Firefighters desperate for change in weather

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CLOSE TO HOME: RESPONDING TO SEXUAL ASSAULT IN OUR COMMUNITY

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Firefighters desperate for change in weather

Fires may burn until July monsoons, officials say
To help

The U.S. Forest Service offers these suggestions for those who would like to help firefighters on the West Fork Complex Fire.
Most appreciated:
Thank-you notes and banners.
Donations to Wildland Firefighter Foundation at www.wffoundation.org.
What is not accepted:
Food items, because of health and federal contract regulations. Local food bank donations tend to decrease when the public chooses to donate their food to fire camp – we feed our assigned fire crews three meals a day including snacks.
Top suggestions:
Join or support your local volunteer fire department or emergency organizations – they need your generosity because they are the first responders in many cases.
Donate to local charitable organizations such as the Red Cross.
Defensible space. Give emergency responders and yourself a safe area to retreat to or with which to defend your home.
For other ways to volunteer or make donations dial 2-1-1 or visit http://helpcoloradonow.com.

Alternate routes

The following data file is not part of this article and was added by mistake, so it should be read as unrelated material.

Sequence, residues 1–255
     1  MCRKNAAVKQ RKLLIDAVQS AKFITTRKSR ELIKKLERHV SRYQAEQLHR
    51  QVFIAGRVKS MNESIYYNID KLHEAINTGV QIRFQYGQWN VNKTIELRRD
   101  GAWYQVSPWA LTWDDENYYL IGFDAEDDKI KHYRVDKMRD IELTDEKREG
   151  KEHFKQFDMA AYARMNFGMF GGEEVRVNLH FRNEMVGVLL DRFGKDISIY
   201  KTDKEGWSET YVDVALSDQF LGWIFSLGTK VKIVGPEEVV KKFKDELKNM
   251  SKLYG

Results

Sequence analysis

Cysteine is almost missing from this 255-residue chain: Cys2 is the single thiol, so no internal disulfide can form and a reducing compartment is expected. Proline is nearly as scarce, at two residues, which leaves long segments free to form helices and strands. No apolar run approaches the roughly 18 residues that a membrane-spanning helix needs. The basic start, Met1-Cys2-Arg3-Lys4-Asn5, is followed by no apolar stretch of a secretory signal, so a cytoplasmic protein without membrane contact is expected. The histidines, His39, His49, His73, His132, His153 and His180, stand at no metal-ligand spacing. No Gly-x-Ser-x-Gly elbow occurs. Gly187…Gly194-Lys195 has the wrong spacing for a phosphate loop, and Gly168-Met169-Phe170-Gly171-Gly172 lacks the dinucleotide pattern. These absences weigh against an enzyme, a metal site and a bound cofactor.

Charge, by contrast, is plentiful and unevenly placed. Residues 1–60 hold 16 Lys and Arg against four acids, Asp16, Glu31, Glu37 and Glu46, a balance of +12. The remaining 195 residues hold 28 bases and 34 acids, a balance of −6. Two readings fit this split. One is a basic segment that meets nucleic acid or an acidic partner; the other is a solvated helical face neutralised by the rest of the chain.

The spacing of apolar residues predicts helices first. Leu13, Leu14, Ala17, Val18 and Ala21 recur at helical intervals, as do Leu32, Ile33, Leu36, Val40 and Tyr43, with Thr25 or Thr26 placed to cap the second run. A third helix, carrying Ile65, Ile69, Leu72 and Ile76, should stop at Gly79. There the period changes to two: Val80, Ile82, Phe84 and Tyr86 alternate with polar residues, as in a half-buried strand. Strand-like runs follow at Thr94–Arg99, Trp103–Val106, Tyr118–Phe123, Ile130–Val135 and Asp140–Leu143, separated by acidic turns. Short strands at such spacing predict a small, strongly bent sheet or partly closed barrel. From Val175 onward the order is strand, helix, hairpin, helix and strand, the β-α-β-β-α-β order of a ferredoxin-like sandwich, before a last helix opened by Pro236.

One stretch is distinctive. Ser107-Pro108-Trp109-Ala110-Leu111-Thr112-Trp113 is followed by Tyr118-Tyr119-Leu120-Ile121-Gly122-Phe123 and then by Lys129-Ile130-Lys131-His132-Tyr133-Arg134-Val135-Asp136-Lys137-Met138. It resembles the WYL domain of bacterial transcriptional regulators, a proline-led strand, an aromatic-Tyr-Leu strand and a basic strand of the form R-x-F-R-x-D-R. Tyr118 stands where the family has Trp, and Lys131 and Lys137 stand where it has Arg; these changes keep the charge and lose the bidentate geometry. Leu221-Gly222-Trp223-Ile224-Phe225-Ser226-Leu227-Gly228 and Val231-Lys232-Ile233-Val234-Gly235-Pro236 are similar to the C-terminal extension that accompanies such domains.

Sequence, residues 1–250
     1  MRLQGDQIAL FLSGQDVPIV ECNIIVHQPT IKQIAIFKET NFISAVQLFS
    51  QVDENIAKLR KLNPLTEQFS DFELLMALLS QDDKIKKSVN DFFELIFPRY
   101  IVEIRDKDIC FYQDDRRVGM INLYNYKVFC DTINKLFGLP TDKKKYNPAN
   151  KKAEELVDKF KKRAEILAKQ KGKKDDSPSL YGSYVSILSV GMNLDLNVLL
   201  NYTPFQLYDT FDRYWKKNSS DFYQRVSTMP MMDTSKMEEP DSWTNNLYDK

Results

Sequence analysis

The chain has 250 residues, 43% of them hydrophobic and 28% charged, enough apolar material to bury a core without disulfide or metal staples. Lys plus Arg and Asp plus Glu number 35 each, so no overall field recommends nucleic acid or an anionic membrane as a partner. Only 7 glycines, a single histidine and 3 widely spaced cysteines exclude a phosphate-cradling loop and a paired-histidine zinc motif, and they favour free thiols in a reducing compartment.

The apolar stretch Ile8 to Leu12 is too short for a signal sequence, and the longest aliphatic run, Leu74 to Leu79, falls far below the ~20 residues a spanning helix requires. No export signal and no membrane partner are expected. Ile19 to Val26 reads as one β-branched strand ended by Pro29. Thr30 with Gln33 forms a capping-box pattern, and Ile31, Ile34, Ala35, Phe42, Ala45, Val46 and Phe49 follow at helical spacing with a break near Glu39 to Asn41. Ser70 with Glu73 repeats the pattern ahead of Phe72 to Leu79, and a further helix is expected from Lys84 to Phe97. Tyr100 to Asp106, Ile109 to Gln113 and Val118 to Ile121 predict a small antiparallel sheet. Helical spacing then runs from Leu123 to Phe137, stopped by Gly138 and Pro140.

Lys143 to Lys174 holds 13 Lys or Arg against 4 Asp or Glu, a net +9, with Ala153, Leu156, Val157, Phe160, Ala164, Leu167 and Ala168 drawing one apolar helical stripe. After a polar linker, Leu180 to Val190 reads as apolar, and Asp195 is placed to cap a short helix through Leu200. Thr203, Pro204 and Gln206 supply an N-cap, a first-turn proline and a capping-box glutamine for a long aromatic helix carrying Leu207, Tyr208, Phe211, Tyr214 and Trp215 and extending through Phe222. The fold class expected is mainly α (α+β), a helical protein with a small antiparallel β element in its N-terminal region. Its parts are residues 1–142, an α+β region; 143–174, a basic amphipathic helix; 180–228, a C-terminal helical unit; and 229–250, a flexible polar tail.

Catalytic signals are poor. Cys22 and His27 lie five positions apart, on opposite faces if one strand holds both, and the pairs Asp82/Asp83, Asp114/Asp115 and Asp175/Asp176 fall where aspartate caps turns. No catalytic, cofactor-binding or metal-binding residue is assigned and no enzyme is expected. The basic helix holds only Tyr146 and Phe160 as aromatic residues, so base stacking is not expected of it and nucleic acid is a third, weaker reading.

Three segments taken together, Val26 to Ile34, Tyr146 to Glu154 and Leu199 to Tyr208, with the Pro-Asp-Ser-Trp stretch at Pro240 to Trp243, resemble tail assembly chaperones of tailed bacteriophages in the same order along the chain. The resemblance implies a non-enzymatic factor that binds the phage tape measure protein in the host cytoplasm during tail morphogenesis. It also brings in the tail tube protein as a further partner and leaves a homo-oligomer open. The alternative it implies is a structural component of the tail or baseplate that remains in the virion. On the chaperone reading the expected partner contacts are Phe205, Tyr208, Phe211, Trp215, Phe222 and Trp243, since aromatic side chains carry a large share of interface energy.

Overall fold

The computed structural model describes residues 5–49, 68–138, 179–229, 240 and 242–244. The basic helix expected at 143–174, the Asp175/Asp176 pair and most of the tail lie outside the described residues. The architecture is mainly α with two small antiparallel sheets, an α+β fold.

U.S. Highway 160 and Colorado Highway 149 remain closed to traffic because of the West Fork Complex Fire.
Alternate route over Wolf Creek between Alamosa and Pagosa Springs: U.S. Highway 285 to Colorado Highway 17 (Cumbres/La Manga passes) to U.S. Highway 84 to Pagosa Springs.
Alternate route between Saguache and Durango: Colorado Highway 114 to U.S. 50 to U.S. 550.

Firefighters desperate for change in weather

A hillside wildfire along Colorado Highway 149 west of Creede threatens homes on Monday. Firefighters were defending the small homes, the Wolf Creek Ski Area and a handful of roads against an erratic wildfire that has moved west of the Continental Divide in the San Juan Mountains. Firefighters are using passive firefighting techniques and hoping for break from early monsoons that would allow a more strategic assault on the backcountry blazes.
Wade Steady and Ali Price, both from Colville, Wash., put up sprinklers to protect the Bruce Spruce Ranch and other cabins from the West Fork Fire.
Christopher Montecino from a Bureau of Land Management fire district out of Klamath Falls, Ore., helps clear trees to protect the Bruce Spruce Ranch from the West Fork Fire.
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